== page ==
Social stigma drives some people to remove tattoos
Although just about as many women as men get tattoos nowadays, a new study shows that women seek removal of tattoos more than men because of negative social fallout. About 25% of people ages 18 to 30 have tattoos, and that number is expected to rise to about 40% in the next few years, according to the study, published in the Archives of Dermatology. Previous studies have shown that about 40% of people end up dissatisfied with their tattoos, and about 20% seek tattoo removal using laser treatment.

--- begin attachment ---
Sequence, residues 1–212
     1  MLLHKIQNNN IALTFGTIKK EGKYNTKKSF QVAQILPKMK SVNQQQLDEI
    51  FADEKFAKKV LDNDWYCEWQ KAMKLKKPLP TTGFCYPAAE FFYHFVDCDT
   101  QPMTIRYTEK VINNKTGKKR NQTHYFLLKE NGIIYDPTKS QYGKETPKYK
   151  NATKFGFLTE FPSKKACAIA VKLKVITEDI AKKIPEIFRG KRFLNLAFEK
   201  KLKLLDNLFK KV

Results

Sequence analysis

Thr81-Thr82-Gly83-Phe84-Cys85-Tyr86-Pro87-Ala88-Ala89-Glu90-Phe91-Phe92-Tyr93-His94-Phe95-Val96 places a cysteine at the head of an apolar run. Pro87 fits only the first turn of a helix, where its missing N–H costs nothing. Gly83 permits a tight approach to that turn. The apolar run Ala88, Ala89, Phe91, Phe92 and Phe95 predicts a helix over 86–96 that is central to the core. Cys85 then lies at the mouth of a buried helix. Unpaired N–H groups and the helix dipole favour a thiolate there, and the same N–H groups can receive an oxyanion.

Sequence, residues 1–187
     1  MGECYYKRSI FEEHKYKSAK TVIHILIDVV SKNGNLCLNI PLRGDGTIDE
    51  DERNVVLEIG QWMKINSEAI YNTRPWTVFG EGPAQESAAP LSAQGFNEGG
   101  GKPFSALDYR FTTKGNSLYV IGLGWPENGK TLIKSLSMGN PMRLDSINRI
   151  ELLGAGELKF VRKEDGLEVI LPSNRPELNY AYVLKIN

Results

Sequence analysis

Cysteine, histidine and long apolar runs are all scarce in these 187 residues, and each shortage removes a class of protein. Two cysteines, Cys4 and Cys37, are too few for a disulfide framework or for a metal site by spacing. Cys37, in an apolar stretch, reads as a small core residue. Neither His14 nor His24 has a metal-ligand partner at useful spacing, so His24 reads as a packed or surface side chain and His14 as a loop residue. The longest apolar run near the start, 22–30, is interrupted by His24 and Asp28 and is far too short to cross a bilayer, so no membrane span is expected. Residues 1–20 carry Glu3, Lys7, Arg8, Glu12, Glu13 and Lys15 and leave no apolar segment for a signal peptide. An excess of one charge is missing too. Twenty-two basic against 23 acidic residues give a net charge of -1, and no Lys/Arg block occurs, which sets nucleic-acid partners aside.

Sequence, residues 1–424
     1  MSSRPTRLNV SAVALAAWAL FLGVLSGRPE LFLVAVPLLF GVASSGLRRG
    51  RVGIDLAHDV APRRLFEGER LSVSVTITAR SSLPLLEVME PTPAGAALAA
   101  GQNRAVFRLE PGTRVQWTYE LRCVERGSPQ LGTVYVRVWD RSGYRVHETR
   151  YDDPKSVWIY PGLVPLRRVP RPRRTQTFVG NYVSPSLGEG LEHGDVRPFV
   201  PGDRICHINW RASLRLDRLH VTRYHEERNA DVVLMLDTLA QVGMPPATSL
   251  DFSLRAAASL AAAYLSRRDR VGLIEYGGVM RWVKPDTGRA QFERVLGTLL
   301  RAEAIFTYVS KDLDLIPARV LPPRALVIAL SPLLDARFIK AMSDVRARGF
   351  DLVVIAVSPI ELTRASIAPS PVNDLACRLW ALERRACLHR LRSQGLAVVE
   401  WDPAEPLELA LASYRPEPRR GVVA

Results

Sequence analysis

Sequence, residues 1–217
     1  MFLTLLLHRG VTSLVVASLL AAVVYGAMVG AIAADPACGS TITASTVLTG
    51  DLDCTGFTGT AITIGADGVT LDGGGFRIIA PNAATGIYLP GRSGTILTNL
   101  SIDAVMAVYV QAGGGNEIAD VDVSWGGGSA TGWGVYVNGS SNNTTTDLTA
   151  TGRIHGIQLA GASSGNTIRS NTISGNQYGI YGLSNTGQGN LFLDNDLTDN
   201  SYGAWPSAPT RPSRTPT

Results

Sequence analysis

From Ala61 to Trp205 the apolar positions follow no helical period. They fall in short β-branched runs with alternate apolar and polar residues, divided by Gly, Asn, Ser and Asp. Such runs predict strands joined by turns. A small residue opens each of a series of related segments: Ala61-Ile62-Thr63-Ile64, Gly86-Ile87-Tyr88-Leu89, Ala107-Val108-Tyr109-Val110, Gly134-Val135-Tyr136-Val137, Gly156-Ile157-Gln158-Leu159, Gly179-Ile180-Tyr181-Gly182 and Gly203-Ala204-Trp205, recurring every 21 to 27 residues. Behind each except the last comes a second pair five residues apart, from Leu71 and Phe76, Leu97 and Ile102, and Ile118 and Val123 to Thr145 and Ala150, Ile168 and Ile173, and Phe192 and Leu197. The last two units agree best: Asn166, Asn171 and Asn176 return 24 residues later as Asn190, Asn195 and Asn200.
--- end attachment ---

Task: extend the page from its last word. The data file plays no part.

In the study, researchers analyzed data from two surveys of people undergoing tattoo removal. One survey was taken in 1996 and a second survey in 2008. In both surveys, men and women said they wanted the tattoos removed because their identities had changed and they had grown to dislike the tattoos. But in the 2008 survey, women also reported that they felt stigmatized by the tattoos. For example, 90% said having to hide the tattoos on occasion was a factor in the removal compared with 50% of men. About 80% of women endured negative comments at work, in public or in school compared with 50% of men.